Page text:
Gardening, History, School Gardens

Part 5: Practical Matters of Teaching Gardening


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Gardening in the School Curriculum

The manner in which gardening fit into the public school curriculum was hotly debated from the advent of school gardens in America. Was gardening scientific training or connecting to nature? Practical training in economy or beautification? For numerous rural schools in western and Midwestern states, gardening was the laboratory for many other lessons: soil science, fertilization, plant propagation, botany, seed science, cultivation, tool use, irrigation systems, animal husbandry in the garden, insects, experimental methods, and record bookkeeping. More generally, the U.S. Bureau of Education provided the following list of applied lessons for school gardens in 1915: Hotbeds and cold frames, soil preparation, planting, care of growing crops, marketing and garden equipment.

Some school garden advocates emphasized the need to connect the practical lessons of agriculture and gardening with other academic school subjects: writing and language arts, math, foreign languages, science, art and geography. Students were encouraged to keep a notebook where they recorded whether observations, germination rates, expenditures and earnings. They were also to write essays or poetry or draw from images in the garden. Here’s how George Washington Carver described gardening as the primary source for instruction in several school subjects:

Nature study as it comes from the child’s enthusiastic endeavor to make a success in the garden furnishes abundance of subject matter for use in the composition, spelling reading, arithmetic, geography, and history classes. A real bug found eating on the child’s cabbage plant in his little garden will be taken up with a vengeance in the composition class. He would much prefer to spell the real, living radish than the lifeless radish in the book. He would much prefer to figure on the profit of the onions sold from his garden than those sold by some John Jones of Philadelphia.

From Nature Study and Children’s Gardens, Teacher’s Leaflet 2, Extension Division, Tuskegee Normal and Industrial Institute, 1906.

Brookline Elementary School Gardens - 1916
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Most educators agreed that while it was appropriate for younger students to garden together in a common garden plot, pupils in grades four – six benefited most from gardening in individual plots. One-two hours per week in the garden was deemed sufficient, though some schools also encouraged pupils to tend to the garden during recess and after school. Even so, the majority of time spent on garden work, whether school sponsored or no, was after school or on Saturdays.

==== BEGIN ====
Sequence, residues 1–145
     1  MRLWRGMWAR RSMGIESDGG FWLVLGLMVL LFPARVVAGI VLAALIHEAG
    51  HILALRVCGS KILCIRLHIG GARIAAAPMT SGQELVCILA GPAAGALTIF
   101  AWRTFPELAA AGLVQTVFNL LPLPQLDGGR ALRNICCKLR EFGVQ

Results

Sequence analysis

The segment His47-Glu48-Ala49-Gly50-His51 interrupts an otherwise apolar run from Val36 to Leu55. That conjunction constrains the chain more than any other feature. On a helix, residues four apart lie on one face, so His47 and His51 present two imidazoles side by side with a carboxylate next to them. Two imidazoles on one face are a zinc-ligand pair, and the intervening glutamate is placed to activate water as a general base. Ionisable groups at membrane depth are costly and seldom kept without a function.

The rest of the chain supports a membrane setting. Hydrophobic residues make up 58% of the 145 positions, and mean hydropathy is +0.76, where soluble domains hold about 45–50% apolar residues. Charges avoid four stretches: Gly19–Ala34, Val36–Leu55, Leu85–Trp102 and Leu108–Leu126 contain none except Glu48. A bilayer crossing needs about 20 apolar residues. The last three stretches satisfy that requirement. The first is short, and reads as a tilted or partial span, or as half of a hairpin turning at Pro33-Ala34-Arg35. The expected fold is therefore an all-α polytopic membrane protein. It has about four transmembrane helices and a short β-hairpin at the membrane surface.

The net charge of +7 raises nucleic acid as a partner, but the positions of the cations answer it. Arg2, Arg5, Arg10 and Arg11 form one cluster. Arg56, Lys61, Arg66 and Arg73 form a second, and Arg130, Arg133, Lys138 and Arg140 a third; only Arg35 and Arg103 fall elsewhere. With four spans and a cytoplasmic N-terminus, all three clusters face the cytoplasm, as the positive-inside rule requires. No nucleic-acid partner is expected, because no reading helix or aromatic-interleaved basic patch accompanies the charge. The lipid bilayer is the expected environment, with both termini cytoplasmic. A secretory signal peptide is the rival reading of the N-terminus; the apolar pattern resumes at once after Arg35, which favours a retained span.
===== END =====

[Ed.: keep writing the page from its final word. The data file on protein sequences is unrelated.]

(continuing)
For teachers working with students in the school garden, there needed to be a balance between discipline and freedom. In those early days, many garden exercises focused on uniformity and efficiency, such as coordinating group raking or carrying tools in the correct manner. By today’s standards, it’s probably fair to say that discipline was militaristic.


Preparing Teachers

In addition to obtaining technical skills in gardening, garden teachers were expected to establish good rapport with their students and families. The job required the ability to maintain strict discipline while also encouraging individuality. Teaching modern cultivation methods and a connection to science meant that teachers needed to garner a fair degree of technical gardening skills. Given the fact that many teachers were low-paid and had taken up teaching as a temporary occupation, not all were well enough equipped to provide the necessary expertise in modern cultivation methods. Nor did all teacher training institutions offer the instruction to prepare teachers for school garden work. One of the first was the Hartford School of Horticulture, a private school institution established in 1900.

Publications available to help teachers or civic groups to establish school gardens were Hemenway’s How to Make School Gardens and Greene’s Among School gardens. The U.S. Bureau of Education produced a range of circulars on school garden subjects. The U.S.D.A. was also an important resource, providing theoretical advice and practical services to the school garden movement. In 1905, they issued two bulletins: School Gardens, a description of the school garden movement in Washington D.C. and short summaries of projects elsewhere in America; and The School Garden, which suggested exercises about soil, plant growth, insects, disease, grafting, etc.



Source: City Bountiful: a century of community gardening in America by Laura J. Lawson

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